World Wetlands Day 2020
Each year on World Wetlands Day various groups including government agencies, non-governmental organisations and community groups organise events aimed at raising awareness of the value of wetlands.
The theme for World Wetlands Day 2020 was Wetland Biodiversity: Why it matters. This was an opportunity to share and raise awareness of the valuable ecosystem services provided by wetland biodiversity.
A wetland is an area of land that is saturated with water either permanently or seasonally. Wetlands can be freshwater, brackish (partly salty), or saline (very salty).
These are fragile but highly productive areas providing a range of important ecological and hydrological functions. As well as supporting diverse habitats for plants and animals, they also act as water purifiers and play a vital role in flood control and climate change mitigation.
Due to ample rainfall, Ireland has a wide range of inland wetlands, including marshes, swamps, bogs, fens, turloughs, salt marshes, estuaries, lagoons and wet woodlands. Unfortunately, there is a misconception that wetlands are wasted land, despite their environmental, societal and economic value. Wetlands are threatened by numerous activities on land such as drainage, infilling, development and pollution. To preserve these valuable habitats, we need to continue to share and exchange local and scientific knowledge to improve decision making on how we manage wetlands as communities connected by water.
World Wetlands Day occurs annually on 2nd February, marking the date of the adoption of the international Convention on Wetlands in 1971 in the city of Ramsar, Iran. The Ramsar Convention obliges signatories to protect wetlands of international importance, with 2,331 such sites internationally. The Irish Ramsar Wetlands Committee was established by the Government to assist Ireland in meeting its requirements as a signatory to the Ramsar Convention. There are 45 sites in the Republic of Ireland.
The Local Authority Waters Programme – working with wetland communities
World Wetlands Day is an ideal time for Community Water Officers to connect with new and existing groups who are interested in learning more about wetlands and the valuable services they provide for their catchment including water retention, water purification and sediment capture. It is also a time to go out and explore local wetlands by joining the many guided walks on offer. Events provide space for reflection on the ecological, socio-cultural and economic value of wetlands as well as supporting network development and discussion on future projects to protect these undervalued habitats.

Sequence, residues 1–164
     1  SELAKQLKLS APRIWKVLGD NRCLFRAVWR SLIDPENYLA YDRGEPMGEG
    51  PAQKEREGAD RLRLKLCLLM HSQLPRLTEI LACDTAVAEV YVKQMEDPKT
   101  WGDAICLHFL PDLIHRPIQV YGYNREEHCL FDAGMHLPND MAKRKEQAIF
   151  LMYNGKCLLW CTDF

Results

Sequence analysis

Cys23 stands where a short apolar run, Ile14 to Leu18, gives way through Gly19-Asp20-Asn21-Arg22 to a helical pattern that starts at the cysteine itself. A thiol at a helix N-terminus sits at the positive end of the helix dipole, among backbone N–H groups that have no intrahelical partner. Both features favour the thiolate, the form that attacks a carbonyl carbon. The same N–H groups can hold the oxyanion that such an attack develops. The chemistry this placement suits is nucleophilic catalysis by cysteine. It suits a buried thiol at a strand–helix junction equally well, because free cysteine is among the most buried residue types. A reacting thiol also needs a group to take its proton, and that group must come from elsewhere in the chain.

Mohill, Co. Leitrim
Brendan Kirwan from Wetland Surveys Ireland gave a talk on the recent survey of wetlands in County Leitrim which was commissioned by Leitrim County Council.
The survey aimed to identify all wetland areas in the county to better inform land use planning and sustainable development strategies for the county. The County has wetland habitats ranging from raised and blanket bogs, fens, marshes, rivers and associated floodplains, lakes, springs, turloughs, and wet woodlands.
This study found that larger lakes, blanket bog and wet heath areas dominated the northern half of the county, with smaller raised bogs and other discrete wetland sites occurring more frequently in the southern half. It is estimated that 23.5% of county Leitrim is covered in wetlands with a total surface area of approximately 375km2.
Copies of the booklet ‘Celebrating County Leitrim’s Wetland Wealth’ and the latest edition of the Catchments Newsletter were also available on the day. Afterwards the Heritage Officer, Sarah Malone and Community Water Officer, Karen Kennedy facilitated a discussion on future community engagement activities. Most people expressed an interest in networking events and the opportunity to learn more about these valuable habitats.
In County Roscommon, Community Water Officers, Catherine Seale-Duggan and Karen Kennedy in conjunction with the Heritage Office of Roscommon County Council facilitated two walks with local community groups to explore the many habitats found in wetlands.
On Saturday, 1st February people met at Ballyleague Marina for a walk along the shores of Lough Ree on both sides of the lake as it joins with the River Shannon. This event was hosted by Ballyleague and Lanesborough Tidy Towns.